When Paul Theisen, president of Unlocked Potential, a hiring consulting company in Livonia, Michigan, bought Symantec's Norton AntiVirus 2003 at his local OfficeMax, he thought he was getting the software for free--it cost $70 with $70 in rebates. So he filled out the forms, clipped the UPC labels, and mailed his claims.
After three weeks, a $30 check arrived for one of the two rebates. Two and a half months later, he received a notice indicating he was ineligible for the second rebate of $40 because he was missing some paperwork. "But the note didn't specify exactly what was missing," says Theisen.
After making many calls and faxing a copy of the UPC label and the receipt, he was denied again. This time, the rebate fulfillment house for Symantec told him the promotion was over. Theisen felt he was at a dead end. "Talking to the reps is like talking to parrots," he fumes. "No matter what I said, they kept repeating that I didn't send the correct documents." (After PC World contacted Symantec, the company eventually sent him the $40 check.)
Theisen's experience is only one example of what can go wrong. Another snag may involve a lack of contact information for disputing a rejection. And some rebate coupons are written in such tiny type that you might need a magnifying glass.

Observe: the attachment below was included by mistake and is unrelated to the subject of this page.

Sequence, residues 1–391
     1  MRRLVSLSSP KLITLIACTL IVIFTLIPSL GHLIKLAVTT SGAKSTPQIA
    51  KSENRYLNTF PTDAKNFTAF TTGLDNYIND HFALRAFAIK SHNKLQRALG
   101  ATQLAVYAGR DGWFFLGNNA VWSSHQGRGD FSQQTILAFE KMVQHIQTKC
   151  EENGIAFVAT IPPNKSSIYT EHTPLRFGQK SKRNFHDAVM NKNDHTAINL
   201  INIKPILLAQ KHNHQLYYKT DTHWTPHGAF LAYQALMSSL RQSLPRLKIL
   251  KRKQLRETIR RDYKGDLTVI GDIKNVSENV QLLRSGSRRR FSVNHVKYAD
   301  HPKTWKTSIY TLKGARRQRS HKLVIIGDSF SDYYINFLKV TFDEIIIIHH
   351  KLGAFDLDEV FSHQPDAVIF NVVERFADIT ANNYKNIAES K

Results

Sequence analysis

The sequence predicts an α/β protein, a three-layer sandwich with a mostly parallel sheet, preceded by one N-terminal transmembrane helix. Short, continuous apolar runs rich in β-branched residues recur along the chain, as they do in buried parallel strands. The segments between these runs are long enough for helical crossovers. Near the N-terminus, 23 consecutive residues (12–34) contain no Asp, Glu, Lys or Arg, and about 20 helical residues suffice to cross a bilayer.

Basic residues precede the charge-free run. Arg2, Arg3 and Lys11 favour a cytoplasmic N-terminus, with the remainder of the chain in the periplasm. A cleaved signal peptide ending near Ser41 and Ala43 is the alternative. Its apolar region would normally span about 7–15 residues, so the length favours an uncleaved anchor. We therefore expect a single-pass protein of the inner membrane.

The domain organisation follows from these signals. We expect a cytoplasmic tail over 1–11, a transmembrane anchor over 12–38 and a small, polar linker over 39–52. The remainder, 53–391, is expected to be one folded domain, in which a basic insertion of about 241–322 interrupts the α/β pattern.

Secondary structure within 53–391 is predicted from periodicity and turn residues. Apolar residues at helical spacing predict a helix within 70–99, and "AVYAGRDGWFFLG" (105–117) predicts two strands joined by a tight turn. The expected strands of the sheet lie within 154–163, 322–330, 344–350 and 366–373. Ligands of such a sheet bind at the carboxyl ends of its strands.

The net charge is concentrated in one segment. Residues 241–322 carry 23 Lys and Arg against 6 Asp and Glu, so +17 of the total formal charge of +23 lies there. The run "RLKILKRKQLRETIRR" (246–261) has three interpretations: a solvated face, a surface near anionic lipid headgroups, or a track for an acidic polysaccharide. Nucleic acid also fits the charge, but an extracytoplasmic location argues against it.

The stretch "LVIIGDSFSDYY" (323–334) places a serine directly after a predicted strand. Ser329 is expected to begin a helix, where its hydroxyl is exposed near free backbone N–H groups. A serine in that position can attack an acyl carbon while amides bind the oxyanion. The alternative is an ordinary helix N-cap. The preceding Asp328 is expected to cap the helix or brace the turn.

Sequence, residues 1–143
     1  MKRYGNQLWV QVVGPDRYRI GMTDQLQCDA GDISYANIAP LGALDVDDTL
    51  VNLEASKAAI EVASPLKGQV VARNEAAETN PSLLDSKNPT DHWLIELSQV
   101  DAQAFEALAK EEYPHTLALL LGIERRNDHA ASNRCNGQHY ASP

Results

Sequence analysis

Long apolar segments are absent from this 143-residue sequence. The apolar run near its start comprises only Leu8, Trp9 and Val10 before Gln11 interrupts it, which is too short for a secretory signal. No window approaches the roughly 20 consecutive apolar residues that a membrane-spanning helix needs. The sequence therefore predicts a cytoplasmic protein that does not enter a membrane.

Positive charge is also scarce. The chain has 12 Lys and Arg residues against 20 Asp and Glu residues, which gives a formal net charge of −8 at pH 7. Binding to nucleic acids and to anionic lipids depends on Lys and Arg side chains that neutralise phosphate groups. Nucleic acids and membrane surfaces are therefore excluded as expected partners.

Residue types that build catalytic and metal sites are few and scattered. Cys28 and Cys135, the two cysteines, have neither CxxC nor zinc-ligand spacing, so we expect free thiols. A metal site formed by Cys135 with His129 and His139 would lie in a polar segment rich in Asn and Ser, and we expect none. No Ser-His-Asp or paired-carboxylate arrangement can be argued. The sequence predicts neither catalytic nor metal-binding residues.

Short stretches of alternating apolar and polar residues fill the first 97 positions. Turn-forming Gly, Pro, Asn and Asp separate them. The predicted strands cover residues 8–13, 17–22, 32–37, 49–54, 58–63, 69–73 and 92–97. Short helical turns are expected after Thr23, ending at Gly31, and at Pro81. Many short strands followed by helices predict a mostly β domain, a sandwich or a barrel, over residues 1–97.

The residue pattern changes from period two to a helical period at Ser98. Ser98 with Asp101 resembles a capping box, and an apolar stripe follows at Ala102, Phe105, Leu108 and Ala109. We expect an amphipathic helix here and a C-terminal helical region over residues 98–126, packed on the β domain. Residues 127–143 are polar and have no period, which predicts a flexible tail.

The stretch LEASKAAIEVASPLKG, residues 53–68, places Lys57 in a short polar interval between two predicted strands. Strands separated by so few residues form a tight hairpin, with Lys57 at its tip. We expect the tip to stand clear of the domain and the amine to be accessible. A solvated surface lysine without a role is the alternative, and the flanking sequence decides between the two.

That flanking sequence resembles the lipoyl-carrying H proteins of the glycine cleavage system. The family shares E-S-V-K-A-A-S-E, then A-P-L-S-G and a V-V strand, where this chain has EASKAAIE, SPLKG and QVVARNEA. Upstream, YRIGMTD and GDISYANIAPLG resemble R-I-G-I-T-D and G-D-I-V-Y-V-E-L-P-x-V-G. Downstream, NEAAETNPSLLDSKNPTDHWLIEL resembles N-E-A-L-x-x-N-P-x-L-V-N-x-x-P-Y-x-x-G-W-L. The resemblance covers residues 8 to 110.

We investigated what goes on behind the scenes, talking to shoppers who collected rebates and to others who were left empty-handed. We grilled manufacturers, retailers, and fulfillment houses (which administer rebates) about the pitfalls in the process; companies sometimes point their fingers at each other, leaving buyers in a runaround frenzy. We also asked government agencies what can be done to improve the system.
In the end, we discovered that there is no magic formula. If you've decided to go the rebate route, and you need a bit of help, we recommend a few stores that make the filing process a little easier, and we also give some advice on how you can improve your chances the next time you play the rebate game.
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